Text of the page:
Washington Post notes crucial interview which triggered Wakefield investigation

This page is material from the award-winning investigation by Brian Deer for The Sunday Times of London, the UK’s Channel 4 TV network and BMJ, the British Medical Journal, which exposed vaccine research fraudster Andrew Wakefield | Investigation summary

Beginning as a routine assignment, Deer's investigation into claims that the MMR vaccine led to autism took off early after an interview with Wakefield's key parent-collaborator, Rosemary Kessick. So as to be sure that the interview was unbiased by any assumptions about the reporter's background, Deer used his middle name to create a pseudonym. Kessick then set out what she said happened to her child in terms that didn't square with Wakefield's research - as noted below by The Washington Post


The Post's story, by London correspondent and Pulitzer Prize-winning journalist Glenn Frankel, was printed on Sunday July 11 2004 - just months after Deer's first reports in The Sunday Times. Under the headline "Charismatic Doctor at Vortex of Vaccine Dispute", Frankel's item began with Wakefield's claims as of that time, and included material about Rosemary Kessick, whose son William had become well-known in media reports where Ms Kessick alleged a link between MMR and autism.

At that time, Kessick ran campaign group and was the lead litigant in a British class action lawsuit which had failed in late 2003 for lack of evidence. William was among 12 children included in a research paper which in February 1998 led to a global scare over vaccine safety. In February 2010, this paper would be retracted as a result of Deer's investigation, initially triggered by the interview, and in May 2010 Wakefield would be permanently banned from medicine.

In his report, Frankel notes with regard to Wakefield's already failing reputation at that time:

Now his credibility has taken another blow, from a Sunday Times newspaper report that Wakefield failed to disclose that his work had been supported by funds from a group of parents filing a lawsuit against the vaccine companies. Wakefield has vehemently denied any conflict of interest, but the editor of the Lancet, a distinguished medical journal, now says he would not have published Wakefield's groundbreaking 1998 report had he known about the funding.

Ten of the 13 physicians involved in the original report have withdrawn their support, and the cabinet secretary in charge of Britain's national health service has called for an investigation.

The Wakefield story is about public health and risk and the abiding mistrust that many people hold toward government officials, especially when it comes to issues of health and safety. It is also about how the media can transform complex matters of public policy into simple narratives with heroes and villains. And it is about one charismatic doctor who contends he holds the key to unlocking a medical mystery and that many of his colleagues are either too craven or too frightened to seek the truth.

Frankel describes Wakefield in traditional manner ["tall, square-jawed and soft-spoken"], and describes him as once having been "a golden boy in the medical world". After some biographical detail, the report returns to Mrs Kessick:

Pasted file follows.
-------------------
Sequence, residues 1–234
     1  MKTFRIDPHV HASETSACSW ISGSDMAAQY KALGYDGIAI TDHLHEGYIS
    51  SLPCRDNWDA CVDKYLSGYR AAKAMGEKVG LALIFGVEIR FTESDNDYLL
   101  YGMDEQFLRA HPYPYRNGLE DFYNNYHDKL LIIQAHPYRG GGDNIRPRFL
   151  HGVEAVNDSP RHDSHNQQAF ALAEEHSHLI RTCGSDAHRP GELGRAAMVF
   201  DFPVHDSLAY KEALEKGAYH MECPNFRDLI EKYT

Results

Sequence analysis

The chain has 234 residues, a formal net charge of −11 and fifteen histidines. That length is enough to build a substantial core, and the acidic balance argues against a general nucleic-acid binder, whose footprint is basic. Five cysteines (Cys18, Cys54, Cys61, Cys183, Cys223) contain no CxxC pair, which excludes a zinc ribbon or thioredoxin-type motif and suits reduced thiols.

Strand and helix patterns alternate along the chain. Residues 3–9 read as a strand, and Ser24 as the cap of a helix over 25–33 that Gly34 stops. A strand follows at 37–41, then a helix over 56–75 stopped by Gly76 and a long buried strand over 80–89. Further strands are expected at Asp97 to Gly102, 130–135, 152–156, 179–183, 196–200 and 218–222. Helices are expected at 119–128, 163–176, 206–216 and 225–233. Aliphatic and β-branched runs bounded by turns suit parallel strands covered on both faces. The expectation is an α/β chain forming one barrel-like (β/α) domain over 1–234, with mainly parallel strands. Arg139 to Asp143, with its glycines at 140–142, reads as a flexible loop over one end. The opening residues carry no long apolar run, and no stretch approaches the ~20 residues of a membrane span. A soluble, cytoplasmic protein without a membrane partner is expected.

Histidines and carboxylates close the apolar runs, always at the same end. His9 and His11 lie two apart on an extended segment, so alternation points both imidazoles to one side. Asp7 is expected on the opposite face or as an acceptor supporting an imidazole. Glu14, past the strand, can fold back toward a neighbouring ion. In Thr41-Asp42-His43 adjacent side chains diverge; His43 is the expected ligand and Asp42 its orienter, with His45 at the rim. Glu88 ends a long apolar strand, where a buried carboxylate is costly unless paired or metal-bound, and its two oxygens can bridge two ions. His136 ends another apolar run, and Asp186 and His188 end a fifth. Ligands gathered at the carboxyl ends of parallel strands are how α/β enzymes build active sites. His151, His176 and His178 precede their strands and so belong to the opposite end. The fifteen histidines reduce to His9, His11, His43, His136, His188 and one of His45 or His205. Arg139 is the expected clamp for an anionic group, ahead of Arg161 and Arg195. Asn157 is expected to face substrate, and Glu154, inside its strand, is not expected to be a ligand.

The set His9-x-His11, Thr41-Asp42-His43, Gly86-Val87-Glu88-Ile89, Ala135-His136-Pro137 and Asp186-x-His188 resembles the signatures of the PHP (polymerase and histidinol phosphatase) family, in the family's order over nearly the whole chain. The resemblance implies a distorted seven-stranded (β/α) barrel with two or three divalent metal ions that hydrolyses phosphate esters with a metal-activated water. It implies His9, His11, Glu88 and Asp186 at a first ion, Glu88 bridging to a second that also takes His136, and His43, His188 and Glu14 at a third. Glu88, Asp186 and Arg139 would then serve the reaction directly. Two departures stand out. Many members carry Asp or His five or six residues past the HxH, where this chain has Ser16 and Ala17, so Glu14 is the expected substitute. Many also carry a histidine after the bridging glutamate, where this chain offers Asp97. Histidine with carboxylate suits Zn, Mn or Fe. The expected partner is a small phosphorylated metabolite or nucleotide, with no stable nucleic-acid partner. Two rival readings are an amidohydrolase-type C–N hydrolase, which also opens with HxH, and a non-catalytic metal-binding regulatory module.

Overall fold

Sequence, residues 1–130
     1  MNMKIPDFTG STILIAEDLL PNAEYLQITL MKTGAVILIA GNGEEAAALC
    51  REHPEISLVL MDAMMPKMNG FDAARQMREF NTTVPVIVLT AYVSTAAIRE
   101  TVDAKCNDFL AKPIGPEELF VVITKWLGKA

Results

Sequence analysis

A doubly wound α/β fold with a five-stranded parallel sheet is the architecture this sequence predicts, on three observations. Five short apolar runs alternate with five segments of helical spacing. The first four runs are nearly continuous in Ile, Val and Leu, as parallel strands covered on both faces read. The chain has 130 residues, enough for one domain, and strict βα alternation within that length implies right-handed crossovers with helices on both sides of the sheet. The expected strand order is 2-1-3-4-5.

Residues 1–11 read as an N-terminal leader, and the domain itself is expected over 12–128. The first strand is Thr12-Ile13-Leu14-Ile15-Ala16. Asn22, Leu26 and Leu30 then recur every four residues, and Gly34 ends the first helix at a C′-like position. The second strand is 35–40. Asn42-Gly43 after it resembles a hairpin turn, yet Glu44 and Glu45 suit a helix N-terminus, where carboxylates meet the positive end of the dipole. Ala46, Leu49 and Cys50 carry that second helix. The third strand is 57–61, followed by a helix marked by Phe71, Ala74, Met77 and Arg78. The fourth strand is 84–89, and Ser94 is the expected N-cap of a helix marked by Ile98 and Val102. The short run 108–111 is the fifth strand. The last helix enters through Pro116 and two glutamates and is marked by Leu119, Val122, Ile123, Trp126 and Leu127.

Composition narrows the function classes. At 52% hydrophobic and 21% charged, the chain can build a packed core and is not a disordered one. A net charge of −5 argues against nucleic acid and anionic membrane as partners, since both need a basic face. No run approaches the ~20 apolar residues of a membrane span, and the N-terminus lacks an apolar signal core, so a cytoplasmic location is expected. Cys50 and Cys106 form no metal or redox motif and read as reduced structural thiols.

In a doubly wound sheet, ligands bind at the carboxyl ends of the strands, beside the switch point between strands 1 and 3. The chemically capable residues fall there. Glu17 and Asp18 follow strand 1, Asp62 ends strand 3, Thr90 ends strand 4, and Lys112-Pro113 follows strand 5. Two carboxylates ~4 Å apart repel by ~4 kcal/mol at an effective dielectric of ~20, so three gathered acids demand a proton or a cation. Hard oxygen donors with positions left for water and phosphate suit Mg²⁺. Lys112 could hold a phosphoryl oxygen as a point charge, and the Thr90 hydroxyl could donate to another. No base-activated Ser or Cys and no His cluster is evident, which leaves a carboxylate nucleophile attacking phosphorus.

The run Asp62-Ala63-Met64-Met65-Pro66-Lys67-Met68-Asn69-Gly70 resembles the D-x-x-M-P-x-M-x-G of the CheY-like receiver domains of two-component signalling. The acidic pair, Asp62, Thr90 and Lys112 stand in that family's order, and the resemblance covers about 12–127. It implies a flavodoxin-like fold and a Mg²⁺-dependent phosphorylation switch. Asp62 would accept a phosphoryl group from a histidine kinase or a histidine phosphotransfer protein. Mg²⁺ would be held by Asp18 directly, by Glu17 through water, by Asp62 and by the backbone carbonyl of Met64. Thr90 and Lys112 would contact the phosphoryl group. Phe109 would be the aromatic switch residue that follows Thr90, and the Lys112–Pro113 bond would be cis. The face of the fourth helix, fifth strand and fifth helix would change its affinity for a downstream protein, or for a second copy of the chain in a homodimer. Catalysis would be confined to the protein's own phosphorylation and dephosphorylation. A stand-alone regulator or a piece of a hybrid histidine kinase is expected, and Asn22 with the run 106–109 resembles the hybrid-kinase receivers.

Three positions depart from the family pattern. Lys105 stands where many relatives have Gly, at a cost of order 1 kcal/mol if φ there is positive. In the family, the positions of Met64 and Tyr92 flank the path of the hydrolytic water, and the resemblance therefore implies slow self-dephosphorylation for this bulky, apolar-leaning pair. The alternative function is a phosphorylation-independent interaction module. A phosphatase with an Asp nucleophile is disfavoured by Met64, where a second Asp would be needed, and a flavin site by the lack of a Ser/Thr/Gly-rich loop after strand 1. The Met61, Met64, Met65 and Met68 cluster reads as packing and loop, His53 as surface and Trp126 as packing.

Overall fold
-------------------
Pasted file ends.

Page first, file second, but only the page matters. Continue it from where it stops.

By the time Kessick came to see Wakefield with her son William, he had already begun to theorize about a link between the rising numbers of children with Crohn's disease, an inflammatory intestinal disorder, and the introduction of the MMR vaccine a few years earlier. William's case, Wakefield says, helped convince him that there could be a connection between the vaccine and autism as well.

Frustrated to the point of rage by what she saw as a general lack of understanding in the medical profession, Kessick had schooled herself in the disorder. She discovered that autism comes in many shapes and sizes, but its most general characteristic is profound isolation -- an autism sufferer cannot communicate with or understand others. Some children seem to suffer from autism at birth, while in others it develops in the first few years of life.

Kessick also learned that autism rates were rapidly rising -- although there is no agreement on exactly how fast or why. Many experts argue that improved diagnosis and deeper awareness among professionals have led to more accurate and earlier identification of the problem. Others contend that the absolute number of cases is rising, not just medicine's ability to find them. In their view, something in the environment must be to blame.

Based upon William's nightmarish decline, Kessick was certain that the MMR vaccine was at least one of the environmental factors. Most of the doctors she saw dismissed her as an obsessed and guilt-stricken mother looking for an answer to an unsolvable mystery.

The Washington Post report describes, among other things, the study set up at the Royal Free hospital to test William Kessick and other children, followed by a reference to the 1998 press conference called to launch the now-infamous Lancet paper.

But other researchers were failing to reproduce his results and various epidemiological studies of large, controlled populations failed to uncover a link between MMR and autism. The Institute of Medicine in Washington, part of the National Academy of Sciences, has compiled 14 large-scale studies in the United States, Canada and Europe that all exonerate the vaccine. Wakefield suggests each study has been flawed either because of its methodology or because its authors massaged the findings to get the answers they sought.